Chapter VIII is the first of three relating to the propensity to consume. In this chapter Keynes discusses the objective factors which affect the propensity to consume. These factors are as follows:
(I) A change in the wage-unit - Keynes argues that consumption is more a function of real income than of money-income, and because of this changes in the wage unit lead to changes in consumption. He continues that, "we have already allowed for changes in the wage-unit by defining the propensity to consume in terms of income measured in terms of wage-units." Thus, any effect a change in wages has on the propensity to consume has already been imputed in the definition.
(II) A change in the difference between income and net income - It is important to recall Keynes' distinction between income and net income for this section. If we look back to chapter VI, we see that Keynes defines income as the "excess of the value of his finished output sold during the period over his prime cost." Net income - according to Keynes - is the portion of income available for consumption, or income adjusted for the factors outlined in the discussion of chapter VI (i.e. windfall loss and supplementary cost). Given these definitions, Keynes continues that there exists a stable relationship between the two, so any change in income usually corresponds to a change in net income based on this relationship. However, if net income increases and is not reflected in a change in income, this will affect the propensity to consume. This seems to make sense, if a normally reckless spender sees a decrease in his net income he may become more frugal. Practically, this is rarely seen as the obscene amount of debt in our society shows profligate people will spend money whether or not they possess the means to do so.
(III) Windfall changes in capital-values not allowed for in calculating net income - Keynes believes this factor to be much more important in modifying the propensity to consume than the previous one, because it is not related to income by some stable function. Keynes writes, "the consumption of the wealth-owning class may be extremely susceptible to unforeseen changes in the money-value of its wealth." Keynes is arguing that when the wealthy - he is not specific on what it means to be a part of the wealth-owning class - reap an unforeseen increase in money, they will strongly alter the propensity to consume in the short run. This also is susceptible to a practical criticism, as Eric has pointed out previously our Father would be highly unlikely to increase his spending if he won the lottery.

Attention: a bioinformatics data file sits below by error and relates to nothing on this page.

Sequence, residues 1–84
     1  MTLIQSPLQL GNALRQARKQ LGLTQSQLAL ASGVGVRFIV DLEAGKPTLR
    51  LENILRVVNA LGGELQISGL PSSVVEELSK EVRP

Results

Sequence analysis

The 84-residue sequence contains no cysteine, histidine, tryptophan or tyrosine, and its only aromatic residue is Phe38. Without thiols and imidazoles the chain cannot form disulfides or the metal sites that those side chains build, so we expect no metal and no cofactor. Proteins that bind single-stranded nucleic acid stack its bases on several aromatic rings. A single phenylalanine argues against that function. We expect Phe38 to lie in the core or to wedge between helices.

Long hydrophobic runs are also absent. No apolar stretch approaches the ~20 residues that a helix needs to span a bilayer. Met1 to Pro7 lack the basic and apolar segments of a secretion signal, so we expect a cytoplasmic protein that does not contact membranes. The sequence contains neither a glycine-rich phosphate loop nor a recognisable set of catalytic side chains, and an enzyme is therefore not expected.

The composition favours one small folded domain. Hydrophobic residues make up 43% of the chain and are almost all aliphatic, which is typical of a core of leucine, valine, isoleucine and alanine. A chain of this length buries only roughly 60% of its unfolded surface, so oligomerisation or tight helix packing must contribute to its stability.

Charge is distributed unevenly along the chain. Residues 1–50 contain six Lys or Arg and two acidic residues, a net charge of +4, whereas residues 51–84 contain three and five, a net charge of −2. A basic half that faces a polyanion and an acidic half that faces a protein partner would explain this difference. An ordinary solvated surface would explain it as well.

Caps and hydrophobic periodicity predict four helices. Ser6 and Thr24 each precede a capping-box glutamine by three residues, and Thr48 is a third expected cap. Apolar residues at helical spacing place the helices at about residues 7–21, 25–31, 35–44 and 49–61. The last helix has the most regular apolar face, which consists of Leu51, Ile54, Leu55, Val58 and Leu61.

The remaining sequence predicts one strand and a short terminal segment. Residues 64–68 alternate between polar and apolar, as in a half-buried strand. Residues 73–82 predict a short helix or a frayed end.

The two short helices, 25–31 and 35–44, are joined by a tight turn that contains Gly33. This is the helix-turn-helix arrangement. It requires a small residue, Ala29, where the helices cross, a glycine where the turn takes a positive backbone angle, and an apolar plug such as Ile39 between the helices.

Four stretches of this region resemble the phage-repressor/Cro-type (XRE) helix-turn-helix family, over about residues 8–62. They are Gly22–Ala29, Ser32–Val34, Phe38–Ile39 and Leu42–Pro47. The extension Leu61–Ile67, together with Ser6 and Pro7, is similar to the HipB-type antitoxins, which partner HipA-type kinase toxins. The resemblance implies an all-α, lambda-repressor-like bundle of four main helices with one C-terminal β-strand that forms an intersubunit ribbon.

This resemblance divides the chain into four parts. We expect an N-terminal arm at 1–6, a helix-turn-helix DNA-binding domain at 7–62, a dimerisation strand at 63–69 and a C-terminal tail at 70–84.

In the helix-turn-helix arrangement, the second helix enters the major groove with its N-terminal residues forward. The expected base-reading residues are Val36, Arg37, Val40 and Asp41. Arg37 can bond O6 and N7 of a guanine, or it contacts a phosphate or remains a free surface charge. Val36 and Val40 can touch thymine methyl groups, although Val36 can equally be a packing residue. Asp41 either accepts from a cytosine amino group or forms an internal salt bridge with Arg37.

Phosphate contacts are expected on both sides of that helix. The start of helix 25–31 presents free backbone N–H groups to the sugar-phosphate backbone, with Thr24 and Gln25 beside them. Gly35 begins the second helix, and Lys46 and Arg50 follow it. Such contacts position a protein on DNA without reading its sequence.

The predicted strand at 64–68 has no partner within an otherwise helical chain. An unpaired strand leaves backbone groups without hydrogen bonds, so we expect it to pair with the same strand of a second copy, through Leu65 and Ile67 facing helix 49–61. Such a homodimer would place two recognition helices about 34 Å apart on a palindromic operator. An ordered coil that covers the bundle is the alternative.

(IV) Changes in the rate of time-discounting, i.e. in the ratio of exchange between present goods and future goods - In fewer words, Keynes is discussing the effect of the interest rate on the propensity to consume. Keynes argues that in the short term any change in the interest rate will be highly unlikely to change the propensity to consume, but any long term change in the interest rate is capable of altering societal habits and ultimately affecting the propensity to consume. Since the interest rate affects investment decisions, it seems to follow that when people increase investment current consumption will fall. There will always be people who will consume almost all of their income no matter what the interest rate, and others who will favor saving and investment no matter how low the interest rate. Thus, individual have their own time preference which is reflected in the interest rate, but to say that this leads to a connection between the interest rate and society's propensity to consume - a term that has very little meaning - is a stretch.